World Golf Hall of Fame Profile: Nick Price
If there was ever a golfer who took the road less traveled, it is Nick Price. His was an intricate puzzle, but when all the pieces were finally in place, Price at his peak played at a level rarely reached in the history of the game.
Between 1992 and 1994, Price won 16 of the 54 tournaments he played in worldwide, the victories including three major championships and the 1993 PLAYERS Championship. During that zenith, Price won both the PGA TOUR and PGA of America Player of the Year Awards twice each, and was the PGA TOUR's leading money winner two times. To date, at age 48, he has won 18 times on the PGA TOUR to go with 24 International victories.
Price came to the game from one of its most fertile fringes. Born in South Africa on Jan. 28, 1957, Price was the youngest of three brothers by seven years. The family soon moved to Rhodesia (now Zimbabwe), where at age eight, Price began banging plastic balls toward a series of tomato cans that were buried in neighborhood lawns. Price remembers playing as many as 144 holes a day in mock tournaments with his friends for a garden variety version of The Open Championship.
In such an environment, the athletic Price progressed dramatically. In 1974, at age 17, he won the Optimist Junior World at Torrey Pines in San Diego. "I had no idea what I'd done," he says, "but I knew right then I wanted to make golf my life."
In 1978, Price joined the European Tour. Although he would win the 1980 Swiss Open, his largely self-taught swing was not suited to the rigors of professional golf. Desperate, Price in 1982 began working with childhood friend David Leadbetter, who had become a teaching professional in America, and made dramatic improvement. Six months later, Price stood on the 13th tee at Troon leading the final round of the British Open by three strokes. Although he lost to Tom Watson by one, Price remembers being disappointed but not discouraged. "I knew I was getting better."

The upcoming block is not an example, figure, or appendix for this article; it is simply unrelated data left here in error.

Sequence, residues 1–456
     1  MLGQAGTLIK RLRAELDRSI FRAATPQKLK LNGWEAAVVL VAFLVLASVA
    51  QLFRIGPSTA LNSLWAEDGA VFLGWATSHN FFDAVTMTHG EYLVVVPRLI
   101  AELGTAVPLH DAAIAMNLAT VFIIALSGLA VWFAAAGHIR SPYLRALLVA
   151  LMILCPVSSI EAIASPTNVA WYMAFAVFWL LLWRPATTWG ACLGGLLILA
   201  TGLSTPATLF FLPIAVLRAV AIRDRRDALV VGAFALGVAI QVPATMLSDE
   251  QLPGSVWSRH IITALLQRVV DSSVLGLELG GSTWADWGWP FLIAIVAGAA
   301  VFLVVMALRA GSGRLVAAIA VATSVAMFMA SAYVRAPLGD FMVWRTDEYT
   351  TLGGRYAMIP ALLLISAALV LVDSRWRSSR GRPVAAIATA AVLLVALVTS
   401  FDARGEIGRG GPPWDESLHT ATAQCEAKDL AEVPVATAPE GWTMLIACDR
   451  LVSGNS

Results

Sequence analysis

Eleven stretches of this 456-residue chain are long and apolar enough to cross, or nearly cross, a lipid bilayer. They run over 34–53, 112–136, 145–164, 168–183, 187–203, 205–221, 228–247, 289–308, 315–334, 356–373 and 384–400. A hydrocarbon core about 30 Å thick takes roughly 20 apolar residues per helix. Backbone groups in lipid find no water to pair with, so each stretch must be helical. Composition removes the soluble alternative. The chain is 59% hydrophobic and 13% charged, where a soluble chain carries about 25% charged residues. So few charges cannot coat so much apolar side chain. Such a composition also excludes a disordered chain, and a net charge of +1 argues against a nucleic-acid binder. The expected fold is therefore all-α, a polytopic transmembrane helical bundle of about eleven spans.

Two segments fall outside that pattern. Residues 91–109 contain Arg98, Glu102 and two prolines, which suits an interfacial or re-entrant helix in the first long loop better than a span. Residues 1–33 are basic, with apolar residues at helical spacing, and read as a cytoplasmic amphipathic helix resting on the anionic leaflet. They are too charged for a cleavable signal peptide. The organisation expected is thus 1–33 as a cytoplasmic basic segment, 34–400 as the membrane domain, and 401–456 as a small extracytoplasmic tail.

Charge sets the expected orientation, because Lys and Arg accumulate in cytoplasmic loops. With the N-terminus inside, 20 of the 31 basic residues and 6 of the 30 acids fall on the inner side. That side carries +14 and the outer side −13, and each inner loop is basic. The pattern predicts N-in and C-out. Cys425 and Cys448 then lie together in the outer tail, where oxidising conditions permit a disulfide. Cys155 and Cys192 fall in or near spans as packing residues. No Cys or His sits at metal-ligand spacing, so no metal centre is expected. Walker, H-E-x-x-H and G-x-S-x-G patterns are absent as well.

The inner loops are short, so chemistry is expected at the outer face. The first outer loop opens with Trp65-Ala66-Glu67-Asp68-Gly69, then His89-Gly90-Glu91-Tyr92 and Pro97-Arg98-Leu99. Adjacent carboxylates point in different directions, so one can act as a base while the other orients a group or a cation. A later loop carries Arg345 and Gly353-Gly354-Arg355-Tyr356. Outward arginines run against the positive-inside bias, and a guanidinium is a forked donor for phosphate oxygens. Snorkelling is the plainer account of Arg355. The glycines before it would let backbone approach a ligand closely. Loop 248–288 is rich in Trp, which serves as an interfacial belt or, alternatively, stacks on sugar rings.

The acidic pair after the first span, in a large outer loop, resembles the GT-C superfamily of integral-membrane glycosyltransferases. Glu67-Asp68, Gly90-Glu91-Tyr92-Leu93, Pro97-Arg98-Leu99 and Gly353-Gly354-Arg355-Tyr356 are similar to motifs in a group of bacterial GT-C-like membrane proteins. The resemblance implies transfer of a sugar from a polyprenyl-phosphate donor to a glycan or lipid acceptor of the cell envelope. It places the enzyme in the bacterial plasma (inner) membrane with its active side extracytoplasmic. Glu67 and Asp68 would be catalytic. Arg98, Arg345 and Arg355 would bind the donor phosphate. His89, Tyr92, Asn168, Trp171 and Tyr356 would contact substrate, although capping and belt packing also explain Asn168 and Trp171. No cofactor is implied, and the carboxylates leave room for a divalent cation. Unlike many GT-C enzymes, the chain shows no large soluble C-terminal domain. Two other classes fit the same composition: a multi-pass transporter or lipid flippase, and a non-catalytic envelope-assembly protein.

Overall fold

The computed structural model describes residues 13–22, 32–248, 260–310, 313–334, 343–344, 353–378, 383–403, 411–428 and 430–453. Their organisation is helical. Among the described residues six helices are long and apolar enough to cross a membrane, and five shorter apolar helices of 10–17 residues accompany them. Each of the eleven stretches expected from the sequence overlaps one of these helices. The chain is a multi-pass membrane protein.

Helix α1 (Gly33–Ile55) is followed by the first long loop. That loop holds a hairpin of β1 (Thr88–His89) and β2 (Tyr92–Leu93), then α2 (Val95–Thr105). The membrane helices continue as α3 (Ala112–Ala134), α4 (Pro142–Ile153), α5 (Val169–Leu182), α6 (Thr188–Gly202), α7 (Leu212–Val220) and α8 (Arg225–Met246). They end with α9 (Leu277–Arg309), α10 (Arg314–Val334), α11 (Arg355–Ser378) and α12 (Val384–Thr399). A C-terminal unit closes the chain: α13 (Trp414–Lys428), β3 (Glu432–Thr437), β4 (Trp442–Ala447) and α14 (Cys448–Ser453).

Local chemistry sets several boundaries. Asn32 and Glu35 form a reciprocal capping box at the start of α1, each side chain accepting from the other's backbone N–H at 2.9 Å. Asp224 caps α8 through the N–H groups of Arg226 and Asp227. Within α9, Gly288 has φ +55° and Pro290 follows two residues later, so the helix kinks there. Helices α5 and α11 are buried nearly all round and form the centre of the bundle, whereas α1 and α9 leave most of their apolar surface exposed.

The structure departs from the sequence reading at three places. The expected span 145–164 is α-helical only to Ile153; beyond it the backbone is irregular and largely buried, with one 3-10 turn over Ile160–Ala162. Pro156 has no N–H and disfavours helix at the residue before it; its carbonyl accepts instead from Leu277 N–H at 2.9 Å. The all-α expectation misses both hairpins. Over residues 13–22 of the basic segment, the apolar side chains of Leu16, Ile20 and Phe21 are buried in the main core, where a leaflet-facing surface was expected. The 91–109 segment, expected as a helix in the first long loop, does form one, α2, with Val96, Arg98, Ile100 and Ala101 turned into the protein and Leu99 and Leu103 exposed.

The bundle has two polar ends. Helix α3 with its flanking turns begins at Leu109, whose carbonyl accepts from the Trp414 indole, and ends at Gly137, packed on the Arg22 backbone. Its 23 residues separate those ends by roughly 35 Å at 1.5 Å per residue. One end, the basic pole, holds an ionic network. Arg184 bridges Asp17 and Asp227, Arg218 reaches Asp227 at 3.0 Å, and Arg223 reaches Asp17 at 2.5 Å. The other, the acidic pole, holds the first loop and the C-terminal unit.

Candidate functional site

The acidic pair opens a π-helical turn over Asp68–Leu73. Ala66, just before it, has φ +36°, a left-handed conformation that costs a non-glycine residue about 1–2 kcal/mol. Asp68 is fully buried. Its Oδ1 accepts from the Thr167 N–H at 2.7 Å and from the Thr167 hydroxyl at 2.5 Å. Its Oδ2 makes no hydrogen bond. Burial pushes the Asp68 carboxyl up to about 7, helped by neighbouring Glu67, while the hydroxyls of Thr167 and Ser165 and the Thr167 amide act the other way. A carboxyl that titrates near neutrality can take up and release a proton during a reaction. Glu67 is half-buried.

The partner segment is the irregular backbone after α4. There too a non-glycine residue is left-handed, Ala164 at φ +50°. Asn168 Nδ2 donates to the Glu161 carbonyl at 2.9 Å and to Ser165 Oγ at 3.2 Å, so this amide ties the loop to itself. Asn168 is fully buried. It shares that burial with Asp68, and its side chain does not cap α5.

Sure enough, the next year he won the World Series of Golf in Akron. The resulting 10-year exemption gave Price the time to indulge his passion, perfecting the golf swing. But Price's learning curve did not continue its dramatic rise. Although he nearly won The Open Championship again in 1988, losing by a stroke to Seve Ballesteros, Price was gaining a reputation as an underachiever in golf. Eight years passed until he recorded his second PGA TOUR win in 1991.
During that time Price crafted one of the most fundamentally sound golf swings in the game - a stacatto-like, yet classic, movement - and he eventually was rewarded for his hard work. In 1992, he won his first major title, the PGA Championship. THE PLAYERS Championship and three other titles followed in 1993, setting the stage for his greatest year, 1994.
At The Open Championship at Turnberry in Scotland, Price won in a manner that would have seemed farfetched even if he had been play-acting in his childhood garden. Three strokes down to Jesper Parnevik, Price birdied the 16th and eagled the 17th with a downhill 50-foot putt. When Parnevik bogeyed the 72nd hole, Price's closing par gave him the claret jug.
It was Price's most emotional triumph, but the victory he captured three weeks later at the PGA Championship is his proudest. Masterfully negotiating the tight doglegs and confounding targets at Southern Hills, Price achieved a shot-making virtuosity that ranked with the best of his golf idol, Ben Hogan. He opened with a 67 and was never challenged, eventually winning by six.
"I'd always dreamed of playing that way, and I finally did it at Southern Hills," says Price. "It was what my journey was all about."